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Cancer Immunol Immunother. 2016 Jul;65(7):771-8. doi: 10.1007/s00262-016-1838-1. Epub 2016 Apr 22.

Immunobiology and immunosurveillance in patients with intraductal papillary mucinous neoplasms (IPMNs), premalignant precursors of pancreatic adenocarcinomas.

Author information

1
Department of Immunology, University of Pittsburgh School of Medicine, 200 Lothrop Street, E1040 BST, Pittsburgh, PA, 15261, USA.
2
Department of Internal Medicine, University of Pittsburgh Medical Center, Pittsburgh, PA, USA.
3
Department of Regenerative Surgery, Fukushima Medical University, Fukushima, Japan.
4
Department of Pathology, University of Pittsburgh School of Medicine, Pittsburgh, PA, USA.
5
Department of Immunology, University of Pittsburgh School of Medicine, 200 Lothrop Street, E1040 BST, Pittsburgh, PA, 15261, USA. ojfinn@pitt.edu.

Abstract

Premalignant lesions for many cancers have been identified, and efforts are currently directed toward identification of antigens expressed on these lesions that would provide suitable targets for vaccines for cancer prevention. Intraductal papillary mucinous neoplasms (IPMNs) are premalignant pancreatic cysts of which a subset has the potential to progress to cancer. Currently, there are no validated predictive markers for progression to malignancy. We hypothesized that the presence or absence of immune surveillance of these lesions would be one such factor. Here we show that the tumor antigen MUC1, which is abnormally expressed on pancreatic cancer and is a target for cancer immunosurveillance, is also abnormally expressed on premalignant IPMN. We show that some IPMN patients make MUC1-specific IgG. Moreover, we show evidence of CD4 and CD8 T cell infiltration into IPMN areas of high dysplasia suggesting an ongoing immune response within the lesions. We also found, however, increased levels of circulating myeloid-derived suppressor cells (MDSCs) and regulatory T cells (Tregs) in some IPMN patients as well as evidence of T cell exhaustion. Further studies correlating immunosurveillance or immunosuppression with IPMN progression to malignancy will help define the immune response as a biomarker of risk, leading potentially to a vaccine to boost spontaneous immunity and prevent progression to cancer.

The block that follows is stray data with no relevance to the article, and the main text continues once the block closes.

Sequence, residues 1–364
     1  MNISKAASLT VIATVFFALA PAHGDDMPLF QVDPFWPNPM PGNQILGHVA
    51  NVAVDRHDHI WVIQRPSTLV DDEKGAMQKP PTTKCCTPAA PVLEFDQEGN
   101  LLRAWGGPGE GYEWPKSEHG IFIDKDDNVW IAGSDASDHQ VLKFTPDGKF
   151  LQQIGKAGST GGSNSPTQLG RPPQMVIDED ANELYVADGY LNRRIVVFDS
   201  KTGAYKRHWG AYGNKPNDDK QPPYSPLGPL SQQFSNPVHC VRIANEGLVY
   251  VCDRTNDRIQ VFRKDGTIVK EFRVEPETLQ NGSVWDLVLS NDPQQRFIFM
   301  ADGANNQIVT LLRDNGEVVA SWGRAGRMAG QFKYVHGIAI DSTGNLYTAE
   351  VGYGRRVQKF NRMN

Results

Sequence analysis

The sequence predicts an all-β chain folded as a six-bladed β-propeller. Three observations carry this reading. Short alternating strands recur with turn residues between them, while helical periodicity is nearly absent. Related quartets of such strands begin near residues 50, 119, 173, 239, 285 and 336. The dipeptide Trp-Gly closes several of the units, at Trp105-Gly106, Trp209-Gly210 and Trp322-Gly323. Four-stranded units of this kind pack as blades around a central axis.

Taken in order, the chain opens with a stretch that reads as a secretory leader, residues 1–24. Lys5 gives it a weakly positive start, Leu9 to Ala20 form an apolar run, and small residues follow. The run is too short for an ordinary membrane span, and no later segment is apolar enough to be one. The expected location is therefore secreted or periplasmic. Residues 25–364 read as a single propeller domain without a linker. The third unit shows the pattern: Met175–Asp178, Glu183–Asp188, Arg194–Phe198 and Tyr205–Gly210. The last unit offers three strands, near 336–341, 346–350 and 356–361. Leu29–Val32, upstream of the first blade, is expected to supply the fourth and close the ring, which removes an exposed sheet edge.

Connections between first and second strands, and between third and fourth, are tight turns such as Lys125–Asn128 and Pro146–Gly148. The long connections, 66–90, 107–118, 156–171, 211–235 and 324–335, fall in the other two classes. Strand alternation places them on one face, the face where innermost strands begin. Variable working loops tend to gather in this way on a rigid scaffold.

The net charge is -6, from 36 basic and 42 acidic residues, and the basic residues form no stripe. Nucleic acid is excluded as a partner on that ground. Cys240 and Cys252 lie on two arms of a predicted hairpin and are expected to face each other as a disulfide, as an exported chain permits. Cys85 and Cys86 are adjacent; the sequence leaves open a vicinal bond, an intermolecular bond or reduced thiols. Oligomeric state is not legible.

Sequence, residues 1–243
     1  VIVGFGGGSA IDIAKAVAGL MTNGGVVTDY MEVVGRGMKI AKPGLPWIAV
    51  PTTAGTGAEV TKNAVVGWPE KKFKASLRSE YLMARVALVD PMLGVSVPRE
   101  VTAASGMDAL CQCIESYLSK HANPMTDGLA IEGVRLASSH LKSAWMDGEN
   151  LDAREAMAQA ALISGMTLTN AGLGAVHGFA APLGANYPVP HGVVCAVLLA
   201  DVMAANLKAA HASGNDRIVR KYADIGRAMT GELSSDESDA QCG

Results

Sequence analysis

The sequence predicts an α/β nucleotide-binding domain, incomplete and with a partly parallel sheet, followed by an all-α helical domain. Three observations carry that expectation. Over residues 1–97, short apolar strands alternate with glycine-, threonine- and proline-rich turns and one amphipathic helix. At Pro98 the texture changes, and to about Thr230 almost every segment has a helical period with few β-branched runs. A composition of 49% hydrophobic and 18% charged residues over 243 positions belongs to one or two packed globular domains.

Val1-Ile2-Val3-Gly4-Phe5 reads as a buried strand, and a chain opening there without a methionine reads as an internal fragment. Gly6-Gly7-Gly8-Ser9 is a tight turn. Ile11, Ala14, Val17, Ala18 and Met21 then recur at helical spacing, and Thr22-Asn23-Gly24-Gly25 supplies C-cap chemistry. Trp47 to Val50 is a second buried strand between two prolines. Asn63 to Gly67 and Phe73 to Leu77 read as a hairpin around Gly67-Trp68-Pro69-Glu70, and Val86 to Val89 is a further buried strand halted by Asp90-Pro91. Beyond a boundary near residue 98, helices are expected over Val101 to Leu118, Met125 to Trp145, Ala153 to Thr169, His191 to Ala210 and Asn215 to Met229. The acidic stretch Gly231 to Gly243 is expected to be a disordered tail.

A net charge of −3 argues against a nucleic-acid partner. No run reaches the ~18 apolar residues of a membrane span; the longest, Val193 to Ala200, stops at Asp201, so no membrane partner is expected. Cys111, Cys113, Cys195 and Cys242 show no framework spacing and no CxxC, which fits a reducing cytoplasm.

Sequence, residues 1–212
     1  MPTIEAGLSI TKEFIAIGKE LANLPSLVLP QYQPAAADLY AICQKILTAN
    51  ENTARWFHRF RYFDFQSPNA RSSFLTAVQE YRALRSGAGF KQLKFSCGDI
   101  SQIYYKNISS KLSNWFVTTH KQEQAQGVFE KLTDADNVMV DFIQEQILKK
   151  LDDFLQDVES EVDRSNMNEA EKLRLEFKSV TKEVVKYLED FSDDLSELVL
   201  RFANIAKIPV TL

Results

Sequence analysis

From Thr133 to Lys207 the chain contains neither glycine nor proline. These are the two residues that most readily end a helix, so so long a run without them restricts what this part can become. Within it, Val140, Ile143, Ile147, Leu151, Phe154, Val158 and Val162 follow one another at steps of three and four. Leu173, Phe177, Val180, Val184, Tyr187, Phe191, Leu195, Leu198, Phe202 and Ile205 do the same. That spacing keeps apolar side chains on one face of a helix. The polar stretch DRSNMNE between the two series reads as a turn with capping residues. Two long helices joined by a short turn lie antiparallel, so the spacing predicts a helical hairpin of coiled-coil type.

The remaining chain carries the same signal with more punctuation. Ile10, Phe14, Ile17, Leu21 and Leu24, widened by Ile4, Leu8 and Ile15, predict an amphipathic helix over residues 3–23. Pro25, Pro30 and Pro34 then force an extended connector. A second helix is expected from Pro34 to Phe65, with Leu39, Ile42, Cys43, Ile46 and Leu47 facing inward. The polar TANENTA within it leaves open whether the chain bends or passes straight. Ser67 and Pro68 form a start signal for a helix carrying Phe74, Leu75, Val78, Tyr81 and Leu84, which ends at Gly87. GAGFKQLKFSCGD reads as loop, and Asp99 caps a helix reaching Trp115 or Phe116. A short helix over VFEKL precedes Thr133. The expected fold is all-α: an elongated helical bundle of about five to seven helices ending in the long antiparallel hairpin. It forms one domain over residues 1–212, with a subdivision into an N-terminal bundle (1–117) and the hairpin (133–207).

KEYWORDS:

CITIM 2015; Cancer vaccines; IPMN; Immunosurveillance; MUC1; Pancreatic cancer

PMID:
27106024
DOI:
10.1007/s00262-016-1838-1
[Indexed for MEDLINE]

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